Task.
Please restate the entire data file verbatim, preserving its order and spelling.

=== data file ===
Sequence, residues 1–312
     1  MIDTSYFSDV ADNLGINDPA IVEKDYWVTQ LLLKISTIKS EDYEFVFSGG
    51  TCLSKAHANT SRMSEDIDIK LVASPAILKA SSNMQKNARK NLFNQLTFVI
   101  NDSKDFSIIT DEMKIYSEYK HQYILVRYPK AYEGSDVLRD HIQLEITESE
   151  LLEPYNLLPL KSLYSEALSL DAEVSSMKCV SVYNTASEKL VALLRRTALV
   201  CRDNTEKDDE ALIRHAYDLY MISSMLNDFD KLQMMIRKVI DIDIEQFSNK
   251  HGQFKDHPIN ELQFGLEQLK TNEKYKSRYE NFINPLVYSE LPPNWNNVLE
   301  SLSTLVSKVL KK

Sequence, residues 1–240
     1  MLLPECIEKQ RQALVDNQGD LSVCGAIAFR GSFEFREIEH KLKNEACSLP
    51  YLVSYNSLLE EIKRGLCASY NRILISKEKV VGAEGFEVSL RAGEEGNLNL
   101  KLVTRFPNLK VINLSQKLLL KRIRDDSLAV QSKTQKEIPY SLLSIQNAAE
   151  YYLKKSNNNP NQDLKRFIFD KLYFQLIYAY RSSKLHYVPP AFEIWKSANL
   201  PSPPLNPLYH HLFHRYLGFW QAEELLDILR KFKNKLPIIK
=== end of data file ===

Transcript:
Sequence, residues 1–312
     1  MIDTSYFSDV ADNLGINDPA IVEKDYWVTQ LLLKISTIKS EDYEFVFSGG
    51  TCLSKAHANT SRMSEDIDIK LVASPAILKA SSNMQKNARK NLFNQLTFVI
   101  NDSKDFSIIT DEMKIYSEYK HQYILVRYPK AYEGSDVLRD HIQLEITESE
   151  LLEPYNLLPL KSLYSEALSL DAEVSSMKCV SVYNTASEKL VALLRRTALV
   201  CRDNTEKDDE ALIRHAYDLY MISSMLNDFD KLQMMIRKVI DIDIEQFSNK
   251  HGQFKDHPIN ELQFGLEQLK TNEKYKSRYE NFINPLVYSE LPPNWNNVLE
   301  SLSTLVSKVL KK

Sequence, residues 1–240
     1  MLLPECIEKQ RQALVDNQGD LSVCGAIAFR GSFEFREIEH KLKNEACSLP
    51  YLVSYNSLLE EIKRGLCASY NRILISKEKV VGAEGFEVSL RAGEEGNLNL
   101  KLVTRFPNLK VINLSQKLLL KRIRDDSLAV QSKTQKEIPY SLLSIQNAAE
   151  YYLKKSNNNP NQDLKRFIFD KLYFQLIYAY RSSKLHYVPP AFEIWKSANL
   201  PSPPLNPLYH HLFHRYLGFW QAEELLDILR KFKNKLPIIK